China looks to outflank US in Africa as Somalia faces terrorism, drought and famine

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Human shields and drones, famine and terrorists and China’s Belt and Road.

That’s the toxic cocktail that is Somalia today, stirred by a superpower struggle clothed in diplomatic niceties from Washington and Beijing. A country where real agendas are hidden, Somalia has been struggling to find peace for decades and is now staring a lethal famine in the face.

Not content with terrorizing the population, Islamist militant group al-Shabab, heavily linked to the al Qaeda terror movement, are now said to be actively and quickly bringing on famine in Somalia:

“With international support, al-Shabab is facing some pressure. What they are doing now is to weaponize the devastating situation that we are seeing, accelerating the (onset of) famine,” Jasmine Opperman, a former intelligence agent and now a leading security consultant specializing in extremism and political violence, told Fox News Digital. “They are intentionally displacing people who live under their rule.”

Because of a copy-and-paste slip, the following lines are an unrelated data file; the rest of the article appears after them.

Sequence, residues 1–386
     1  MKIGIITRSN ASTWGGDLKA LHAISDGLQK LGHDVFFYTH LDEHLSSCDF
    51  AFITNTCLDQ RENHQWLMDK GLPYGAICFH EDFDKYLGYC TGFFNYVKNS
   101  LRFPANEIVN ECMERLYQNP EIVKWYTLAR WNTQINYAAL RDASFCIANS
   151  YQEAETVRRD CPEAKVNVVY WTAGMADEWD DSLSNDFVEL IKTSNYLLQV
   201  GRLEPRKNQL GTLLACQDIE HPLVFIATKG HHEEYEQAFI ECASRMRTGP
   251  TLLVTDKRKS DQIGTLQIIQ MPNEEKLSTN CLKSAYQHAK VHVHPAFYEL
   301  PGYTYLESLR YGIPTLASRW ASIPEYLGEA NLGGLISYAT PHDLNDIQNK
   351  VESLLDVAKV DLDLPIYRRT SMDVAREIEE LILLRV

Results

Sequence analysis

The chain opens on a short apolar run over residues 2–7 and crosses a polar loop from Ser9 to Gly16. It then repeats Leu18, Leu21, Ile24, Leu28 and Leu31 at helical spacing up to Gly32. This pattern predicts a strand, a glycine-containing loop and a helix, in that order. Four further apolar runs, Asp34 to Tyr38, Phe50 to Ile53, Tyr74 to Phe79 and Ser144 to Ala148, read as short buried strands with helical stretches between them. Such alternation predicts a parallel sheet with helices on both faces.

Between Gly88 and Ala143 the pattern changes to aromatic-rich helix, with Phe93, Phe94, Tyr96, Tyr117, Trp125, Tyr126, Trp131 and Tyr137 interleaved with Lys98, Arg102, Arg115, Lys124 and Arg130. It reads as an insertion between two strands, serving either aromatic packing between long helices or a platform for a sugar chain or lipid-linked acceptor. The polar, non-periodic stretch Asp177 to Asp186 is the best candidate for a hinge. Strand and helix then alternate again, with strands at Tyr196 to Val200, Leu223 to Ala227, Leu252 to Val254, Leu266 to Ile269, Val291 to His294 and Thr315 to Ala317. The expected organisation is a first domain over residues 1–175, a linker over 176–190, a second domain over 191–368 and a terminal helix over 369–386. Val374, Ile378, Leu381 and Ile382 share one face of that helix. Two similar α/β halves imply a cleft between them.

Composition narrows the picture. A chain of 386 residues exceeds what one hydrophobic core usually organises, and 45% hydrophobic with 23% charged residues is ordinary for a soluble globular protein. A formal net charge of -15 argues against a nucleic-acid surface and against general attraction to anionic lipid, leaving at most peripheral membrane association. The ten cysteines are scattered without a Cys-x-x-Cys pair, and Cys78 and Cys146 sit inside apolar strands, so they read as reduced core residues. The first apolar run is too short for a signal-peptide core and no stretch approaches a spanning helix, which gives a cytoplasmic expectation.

US AIRSTRIKES IN SOMALIA KILL 15 AL-SHABAB FIGHTERS

China's President Xi Jinping meets former Somali President Mohamed Abdullahi Mohamed at the Great Hall of the People in Beijing, China, Aug. 31, 2018.

China’s President Xi Jinping meets former Somali President Mohamed Abdullahi Mohamed at the Great Hall of the People in Beijing, China, Aug. 31, 2018. (Roman Pilipey/Pool via Reuters)

Simply put, in areas where al-Shabab is operating, its militants are pushing villagers, mostly farmers, and their livestock off their land and forcing them into situations where their animals die of starvation in what the U.N. High Commissioner for Refugees calls the worst drought the country has experienced in 40 years.

The United Nations High Commissioner for Refugees representative in Somalia, Magatte Guisse, confirmed to Fox News Digital that refugees face “protection risks brought about by the armed conflict: indiscriminate attacks, family separation, forced recruitment to armed groups, destruction of property. Insecurity in certain areas is making it difficult for aid agencies to reach people impacted by the drought.”

Observers point out this means the al-Shabab terrorists are, perhaps unwittingly, preventing agencies from establishing exactly how many are already dying of starvation. Some even say famine may already exist in Somalia. Even so, the official line, drawn up with apparently incomplete data, is that death tolls should reach famine levels within the next six months.